Public participation and environmental impact assessment: Purposes, implications, and lessons for public policy making

There are no files associated with this record.

Title Public participation and environmental impact assessment: Purposes, implications, and lessons for public policy making
Author O'Faircheallaigh, Ciaran S.
Journal Name Environmental Impact Assessment Review
Year Published 2010
Place of publication United States
Publisher Elsevier
Abstract In recent years the need to enhance public participation in Environmental Impact Assessment (EIA), and the efficacy of alternative mechanisms in achieving this goal, have been central themes in the EIA literature. The benefits of public participation are often taken for granted, and partly for this reason the underlying rationale for greater public participation is sometimes poorly articulated, making it more difficult to determine how to pursue it effectively. The reasons for seeking public participation are also highly diverse and not always mutually consistent. There has been limited analysis of the implications of different forms and degrees of public participation for public decision making based on EIA, and little discussion of how experience with public participation in EIA relates to debates about participation in policy making generally. This paper distinguishes various purposes for public participation in EIA, and discusses their implications for decision making. It then draws on some general models of public participation in policy making to consider how approaches to participation in EIA can be interpreted and valued, and asks what EIA experience reveals about the utility of these models. It argues that the models pay insufficient attention to the interaction that can occur between different forms of public participation; and to the fact that public participation raises issues regarding control over decision making that are not subject to resolution, but must be managed through ongoing processes of negotiation.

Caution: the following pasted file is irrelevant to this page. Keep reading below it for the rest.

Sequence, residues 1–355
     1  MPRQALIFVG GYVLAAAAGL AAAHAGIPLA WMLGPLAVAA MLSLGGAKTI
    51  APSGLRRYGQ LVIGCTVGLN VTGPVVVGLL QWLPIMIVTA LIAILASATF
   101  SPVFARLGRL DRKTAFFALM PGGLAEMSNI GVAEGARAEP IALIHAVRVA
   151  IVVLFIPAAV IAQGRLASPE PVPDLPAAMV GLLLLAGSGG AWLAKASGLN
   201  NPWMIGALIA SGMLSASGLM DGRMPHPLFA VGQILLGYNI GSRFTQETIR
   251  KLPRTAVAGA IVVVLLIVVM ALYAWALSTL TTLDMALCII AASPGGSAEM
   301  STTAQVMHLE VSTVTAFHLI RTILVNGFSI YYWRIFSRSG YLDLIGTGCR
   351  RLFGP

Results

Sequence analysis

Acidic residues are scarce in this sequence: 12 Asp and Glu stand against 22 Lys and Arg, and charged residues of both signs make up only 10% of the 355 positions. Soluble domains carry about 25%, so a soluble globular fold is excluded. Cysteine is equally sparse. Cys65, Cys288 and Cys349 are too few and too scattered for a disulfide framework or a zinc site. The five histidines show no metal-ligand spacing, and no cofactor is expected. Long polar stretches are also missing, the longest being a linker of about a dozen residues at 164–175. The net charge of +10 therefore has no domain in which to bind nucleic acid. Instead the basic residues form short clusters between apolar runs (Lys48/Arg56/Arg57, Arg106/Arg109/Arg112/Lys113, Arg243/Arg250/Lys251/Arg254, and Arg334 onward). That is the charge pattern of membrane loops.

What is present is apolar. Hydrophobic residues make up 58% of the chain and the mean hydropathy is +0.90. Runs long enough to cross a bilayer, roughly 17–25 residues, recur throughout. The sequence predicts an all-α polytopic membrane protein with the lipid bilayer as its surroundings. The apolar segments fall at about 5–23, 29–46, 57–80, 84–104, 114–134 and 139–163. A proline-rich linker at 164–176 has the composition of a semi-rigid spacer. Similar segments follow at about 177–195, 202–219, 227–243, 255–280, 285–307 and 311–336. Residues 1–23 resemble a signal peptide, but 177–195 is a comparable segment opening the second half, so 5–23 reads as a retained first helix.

Peer Reviewed Yes
Published Yes
Alternative URI http://dx.doi.org/10.1016/j.eiar.2009.05.001
Volume 30
Issue Number 1
Page from 19
Page to 27
ISSN 0195-9255
Date Accessioned 2010-12-10
Language en_AU
Research Centre Centre for Governance and Public Policy
Faculty Griffith Business School
Subject Environmental Science and Management
URI http://hdl.handle.net/10072/35624
Publication Type Journal Articles (Refereed Article)
Publication Type Code c1

Show simple item record

Griffith University copyright notice